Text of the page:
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Obama pledges $100 mn to Haiti

January 15, 2010

US President Barack Obama announced Thursday the US was providing an initial $100 million in aid to Haiti as military and civilian rescue teams arrived on the ground to search for survivors of the massive earthquake.

Obama called the Tuesday afternoon quake that struck Haiti “nothing less than devastating” and instructed all departments of the US government to make the rescue effort a top priority.

“One of the largest relief efforts in our recent history is moving towards Haiti,” Obama said in a speech at the White House. The $100 million will help pay for the rescue effort as well as provide food, water and medicine, Obama said.

“This investment will grow over the coming year as we embark on the long-term recovery from this unimaginable tragedy,” Obama said.

The scale of devastation remained unclear, but Haitian officials spoke of up to 100,000 dead from the 7.0 magnitude earthquake that has wrecked the capital Port-au-Prince, home to some 1.9 million people.

To the people of Haiti, Obama said: “You will not be forsaken. You will not be forgotten.”

The US Navy was en route to Haiti. The aircraft carrier USS Carl Vinson was picking up supplies and heading to the vicinity, and an amphibious ship carrying 2,000 Marines was also on the way. The Pentagon said the Marines could be sent in if the security

environment deteriorates.

Secretary of State Hillary Rodham Clinton said on US television a text messaging system set up by the State Department for individuals to donate $10 through the Red Cross has raised $3 million so far.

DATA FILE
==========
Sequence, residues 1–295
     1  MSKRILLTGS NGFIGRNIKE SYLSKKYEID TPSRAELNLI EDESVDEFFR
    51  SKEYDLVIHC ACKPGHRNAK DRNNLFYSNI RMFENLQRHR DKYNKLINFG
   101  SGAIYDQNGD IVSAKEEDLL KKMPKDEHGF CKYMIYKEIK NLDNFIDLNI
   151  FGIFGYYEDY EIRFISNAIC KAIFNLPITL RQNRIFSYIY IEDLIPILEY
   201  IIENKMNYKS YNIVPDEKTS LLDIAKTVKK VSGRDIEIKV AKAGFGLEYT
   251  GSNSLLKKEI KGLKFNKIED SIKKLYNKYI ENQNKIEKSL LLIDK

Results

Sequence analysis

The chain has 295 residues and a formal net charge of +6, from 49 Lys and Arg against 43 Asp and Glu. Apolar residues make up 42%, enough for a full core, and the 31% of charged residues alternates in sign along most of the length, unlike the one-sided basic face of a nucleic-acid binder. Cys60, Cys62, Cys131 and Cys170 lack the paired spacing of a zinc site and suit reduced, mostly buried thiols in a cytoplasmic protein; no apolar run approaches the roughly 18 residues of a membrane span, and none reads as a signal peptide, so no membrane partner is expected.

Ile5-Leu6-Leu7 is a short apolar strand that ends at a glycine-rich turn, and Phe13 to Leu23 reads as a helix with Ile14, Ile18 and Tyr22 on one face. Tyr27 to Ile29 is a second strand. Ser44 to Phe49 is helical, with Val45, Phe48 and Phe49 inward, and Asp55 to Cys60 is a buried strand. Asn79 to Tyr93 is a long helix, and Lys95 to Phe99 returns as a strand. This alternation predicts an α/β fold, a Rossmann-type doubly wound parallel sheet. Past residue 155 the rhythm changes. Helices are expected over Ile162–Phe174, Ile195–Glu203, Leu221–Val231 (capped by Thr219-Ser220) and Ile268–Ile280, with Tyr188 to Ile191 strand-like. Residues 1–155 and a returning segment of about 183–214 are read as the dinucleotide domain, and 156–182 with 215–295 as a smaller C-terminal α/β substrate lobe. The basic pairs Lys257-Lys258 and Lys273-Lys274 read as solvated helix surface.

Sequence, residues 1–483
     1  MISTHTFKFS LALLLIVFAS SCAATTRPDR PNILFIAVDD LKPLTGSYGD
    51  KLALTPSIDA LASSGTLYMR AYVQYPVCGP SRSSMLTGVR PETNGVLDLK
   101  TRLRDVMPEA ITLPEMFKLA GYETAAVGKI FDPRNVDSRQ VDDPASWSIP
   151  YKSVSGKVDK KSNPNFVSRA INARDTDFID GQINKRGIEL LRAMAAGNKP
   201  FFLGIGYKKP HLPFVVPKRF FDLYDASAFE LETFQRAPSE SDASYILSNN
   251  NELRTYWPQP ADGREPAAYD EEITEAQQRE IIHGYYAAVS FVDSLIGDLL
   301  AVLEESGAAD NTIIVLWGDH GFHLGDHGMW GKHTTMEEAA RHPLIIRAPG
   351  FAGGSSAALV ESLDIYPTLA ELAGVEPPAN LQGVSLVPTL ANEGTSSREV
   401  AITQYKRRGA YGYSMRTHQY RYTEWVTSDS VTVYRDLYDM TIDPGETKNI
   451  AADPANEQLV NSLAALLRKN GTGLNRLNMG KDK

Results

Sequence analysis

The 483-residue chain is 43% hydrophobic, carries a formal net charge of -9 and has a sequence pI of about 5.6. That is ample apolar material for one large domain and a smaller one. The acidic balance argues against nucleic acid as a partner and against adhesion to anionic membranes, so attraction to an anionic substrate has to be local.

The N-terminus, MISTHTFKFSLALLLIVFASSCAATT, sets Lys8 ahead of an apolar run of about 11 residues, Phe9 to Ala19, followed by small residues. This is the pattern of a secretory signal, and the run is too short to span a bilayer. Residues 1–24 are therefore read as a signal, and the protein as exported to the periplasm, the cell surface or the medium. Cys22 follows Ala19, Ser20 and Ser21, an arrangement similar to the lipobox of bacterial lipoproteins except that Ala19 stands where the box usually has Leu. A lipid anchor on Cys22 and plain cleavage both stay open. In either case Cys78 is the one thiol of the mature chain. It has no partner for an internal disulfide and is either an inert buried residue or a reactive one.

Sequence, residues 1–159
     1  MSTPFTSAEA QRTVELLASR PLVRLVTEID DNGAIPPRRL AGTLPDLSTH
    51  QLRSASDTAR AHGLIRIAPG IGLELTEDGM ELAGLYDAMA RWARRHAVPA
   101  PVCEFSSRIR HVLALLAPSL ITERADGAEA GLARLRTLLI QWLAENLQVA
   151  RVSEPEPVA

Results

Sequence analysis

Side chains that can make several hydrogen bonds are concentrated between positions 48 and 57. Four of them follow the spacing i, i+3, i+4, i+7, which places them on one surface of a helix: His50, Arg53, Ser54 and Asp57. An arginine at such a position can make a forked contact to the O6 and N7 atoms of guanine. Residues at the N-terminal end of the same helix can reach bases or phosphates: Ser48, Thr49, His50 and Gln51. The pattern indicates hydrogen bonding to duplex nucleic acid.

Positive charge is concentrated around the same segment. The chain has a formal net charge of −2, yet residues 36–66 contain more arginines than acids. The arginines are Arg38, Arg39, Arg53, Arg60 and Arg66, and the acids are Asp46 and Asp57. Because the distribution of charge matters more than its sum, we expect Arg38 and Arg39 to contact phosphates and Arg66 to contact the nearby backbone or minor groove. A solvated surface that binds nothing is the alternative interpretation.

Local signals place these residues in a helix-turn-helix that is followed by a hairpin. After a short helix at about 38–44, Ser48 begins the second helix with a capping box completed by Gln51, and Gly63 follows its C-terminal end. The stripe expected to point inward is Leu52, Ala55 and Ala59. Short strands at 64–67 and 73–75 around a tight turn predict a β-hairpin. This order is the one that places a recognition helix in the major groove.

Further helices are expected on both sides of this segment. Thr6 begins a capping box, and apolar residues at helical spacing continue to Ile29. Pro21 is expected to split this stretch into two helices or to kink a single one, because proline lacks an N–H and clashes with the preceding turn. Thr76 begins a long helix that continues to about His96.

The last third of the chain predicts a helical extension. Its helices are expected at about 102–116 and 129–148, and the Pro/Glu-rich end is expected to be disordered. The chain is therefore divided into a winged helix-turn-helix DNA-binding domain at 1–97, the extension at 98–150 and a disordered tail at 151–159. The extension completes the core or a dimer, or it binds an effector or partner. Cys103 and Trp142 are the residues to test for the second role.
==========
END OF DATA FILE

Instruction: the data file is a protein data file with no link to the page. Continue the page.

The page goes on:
Several US states has sent rescue teams to help pull possible survivors from the rubble.

Meanwhile, Obama has asked former presidents Bill Clinton and George W. Bush to help US efforts and raise money to provide relief to Haiti, White House spokesman Robert Gibbs said.

“Both of them have agreed to take part in this,” Gibbs said. A source close to Bush confirmed that the 43rd president was willing to partner with Clinton.

While in office, Bush tapped Clinton along with his father, former president George Bush, to help raise money after the 2004 tsunami that struck Southeast Asia.

Obama has asked his two predecessors “to come together in an effort similar to the one that was done for the tsunami,” Gibbs said.

Obama sharply criticized the 43rd president during his campaign and since taking office has continued to fault Bush’s policies. Clinton has been serving as the special UN envoy for Haiti.

US transportation authorities had also grounded all Haiti-bound flights amid a massive backlog at the Caribbean country’s main airport, which became the focal point Thursday of relief efforts underway after the massive earthquake.

The Haitian government has said it is currently not accepting any more flights into its airspace, forcing the Federal Aviation Administration (FAA) to ground all flights in the United States, a US government official said, speaking on the condition of anonymity.

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